There was also a discussion of what, many of us saw, as the inadequacies of the recent Newham Trigger Ballot process. It was agreed that Ann Black and Alice Perry will visit Newham and report back to the NEC on possible improvements to the whole process.

Minutes of NEC Meetings and Sub-Committee Meetings

As I have already said, the most noteworthy were the Dispute Panel and Organisation Committee on 17 January. A report from officers was presented in relation to the allegations made against the Oxford University Labour Club. Our officers had carried out an investigation. Two students in particular had been singled out by those making the allegations. The investigation concluded that there was no case to answer in relation to anti-Semitism in relation to these two students. A separate accusation (unconnected to any question of anti-Semitism) had been raised regarding the two students and their general behaviour. The Disputes Panel discussed in detail whether a warning was appropriate in these two cases. It was agreed without dissent that no further action should be taken.

In relation to Wallasey, it was agreed that suspension would remain in place with a review at the March meeting of the Dispute Panel.

The Organisation Committee, considered 33 Contemporary Motions which the Conference Arrangements Committee had referred to the NEC. In addition, 38 motions submitted by CLPs to the NEC in relation to organisational matters were also considered. The main issue raised in the motions related to issues arising from the last leadership election. Many of the matters raised are already under consideration by Ann Black as chair of Disputes, Jim Kennedy as chair of Org, and senior officers, in order to learn the lessons and improve arrangements in the future. Each of the motions will be the subject of a substantive reply from the General Secretary. I congratulated our staff for bringing all of these motions to the NEC. This was always the practice before New Labour, but it had been allowed to fall by the wayside.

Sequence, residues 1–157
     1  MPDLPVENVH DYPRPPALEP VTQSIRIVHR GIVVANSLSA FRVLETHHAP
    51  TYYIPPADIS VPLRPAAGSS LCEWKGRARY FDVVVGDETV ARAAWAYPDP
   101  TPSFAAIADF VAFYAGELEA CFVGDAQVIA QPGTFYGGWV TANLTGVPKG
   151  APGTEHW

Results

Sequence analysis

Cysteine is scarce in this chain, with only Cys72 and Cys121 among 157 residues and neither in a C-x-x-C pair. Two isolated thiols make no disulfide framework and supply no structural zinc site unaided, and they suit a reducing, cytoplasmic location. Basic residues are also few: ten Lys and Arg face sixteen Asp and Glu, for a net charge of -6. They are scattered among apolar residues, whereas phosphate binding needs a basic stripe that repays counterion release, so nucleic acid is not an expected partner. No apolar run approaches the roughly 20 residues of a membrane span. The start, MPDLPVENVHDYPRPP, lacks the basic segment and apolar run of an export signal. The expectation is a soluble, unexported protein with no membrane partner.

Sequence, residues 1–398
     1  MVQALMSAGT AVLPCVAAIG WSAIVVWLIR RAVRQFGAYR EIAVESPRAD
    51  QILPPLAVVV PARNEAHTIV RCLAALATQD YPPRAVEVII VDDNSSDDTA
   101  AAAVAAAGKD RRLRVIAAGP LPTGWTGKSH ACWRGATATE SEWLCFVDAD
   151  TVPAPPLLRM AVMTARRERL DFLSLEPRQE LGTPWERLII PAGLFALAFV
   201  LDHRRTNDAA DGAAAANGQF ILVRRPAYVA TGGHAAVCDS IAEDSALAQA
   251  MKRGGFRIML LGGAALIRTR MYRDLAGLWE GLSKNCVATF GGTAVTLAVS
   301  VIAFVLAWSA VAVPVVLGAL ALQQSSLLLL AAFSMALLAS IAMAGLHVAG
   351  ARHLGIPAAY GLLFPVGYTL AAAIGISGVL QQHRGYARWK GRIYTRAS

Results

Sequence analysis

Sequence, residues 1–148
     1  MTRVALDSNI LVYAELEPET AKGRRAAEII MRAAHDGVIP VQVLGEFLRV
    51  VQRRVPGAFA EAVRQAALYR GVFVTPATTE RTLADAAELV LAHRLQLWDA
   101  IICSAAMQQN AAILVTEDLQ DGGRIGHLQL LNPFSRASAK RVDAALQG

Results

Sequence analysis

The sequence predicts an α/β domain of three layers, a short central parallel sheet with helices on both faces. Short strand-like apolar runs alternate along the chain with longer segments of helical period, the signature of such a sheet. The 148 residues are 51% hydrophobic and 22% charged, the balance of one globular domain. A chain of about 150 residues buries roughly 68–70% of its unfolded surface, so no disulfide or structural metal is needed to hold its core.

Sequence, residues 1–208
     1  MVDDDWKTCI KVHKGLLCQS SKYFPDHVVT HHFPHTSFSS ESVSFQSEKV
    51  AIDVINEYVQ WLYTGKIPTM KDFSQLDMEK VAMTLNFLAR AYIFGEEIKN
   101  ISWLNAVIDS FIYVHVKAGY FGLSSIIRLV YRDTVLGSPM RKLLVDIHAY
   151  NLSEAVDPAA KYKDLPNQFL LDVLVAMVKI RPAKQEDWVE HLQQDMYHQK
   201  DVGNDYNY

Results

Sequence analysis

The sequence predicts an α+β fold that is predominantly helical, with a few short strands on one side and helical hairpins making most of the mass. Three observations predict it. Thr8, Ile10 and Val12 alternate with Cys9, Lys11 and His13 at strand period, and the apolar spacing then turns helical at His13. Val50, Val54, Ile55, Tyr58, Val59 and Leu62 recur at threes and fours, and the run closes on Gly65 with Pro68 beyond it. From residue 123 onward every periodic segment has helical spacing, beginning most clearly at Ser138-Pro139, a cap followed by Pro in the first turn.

General Secretary’s Report

Iain took the NEC through the papers he had circulated on the major issues facing us. These included the series of local government elections taking place this year, the Richmond Park and Sleaford and West Hykeham by-elections, the forthcoming by-elections in Copeland and Stoke-Central, and an update on the party’s finance strategy. The General Secretary also presented a review of the Annual Conference arrangements etc. at Liverpool, and highlighted the lessons we learned that can benefit us at the 2017 Conference.

Iain and other senior officers presented a small booklet which analysed in detail the membership data. The membership at the 1 January was 543,645. This is the highest figure on Labour Party records. 70% of our current membership joined after 1 January 2015. Our membership is now younger, and comrades joining from BAME communities has increased. The gap between men and women has become considerably smaller. The biggest expansion of membership has been in the south, particularly the South West. The smallest increase was in Scotland. Five of our eleven regions/nations, have increased in size by more than 40%. In relation to people leaving, 77% of these joined after the general election 2015. Unfortunately, the (ever more) dire Guardian has moved into the ‘post-truth’ era. A recent editorial pronounced that the Labour Party is ‘disintegrating’. In fact, our party is now the largest political party in Western Europe.

Rail Fare Campaign Day

Dear Friends,

Just a brief report on our involvement in the national Train Fare Campaign Day yesterday (3rd Jan. 2017). We had 14 members attend our event which meant that we were able to cover the Stourbridge Town shuttle entry in addition to 4 access points at Stourbridge Junction.

Stourbridge Labour members who participated came from from Cradley, Quarry Bank, Pedmore, Wollaston and Norton, plus a member from Dudley South joined us.

We started just before 6.30 am and finished at 8.15 am – but only because we ran out of our 1,000 leaflets!

We had an excellent reception from commuters and no hassle at all from the railway people.

It was a very successful morning and well worth the effort. More than 500 similar events took place across the country. The Daily Mirror also did a double page spread on the rail bosses taking millions in pay and bonuses. The Labour Party posted items on Facebook about our rail policies, plus #RailFail and #RailRipOff trended on Twitter.

I believe that we really made a difference yesterday and we were all upbeat and excited about what was achieved. For more, please visit the Action For Rail website.

Our next event is on Saturday 21st January when we will have a street stall in Stourbridge town centre. Details will be sent out via email as soon as we know more. Also, remember to check our online calendar every now and then.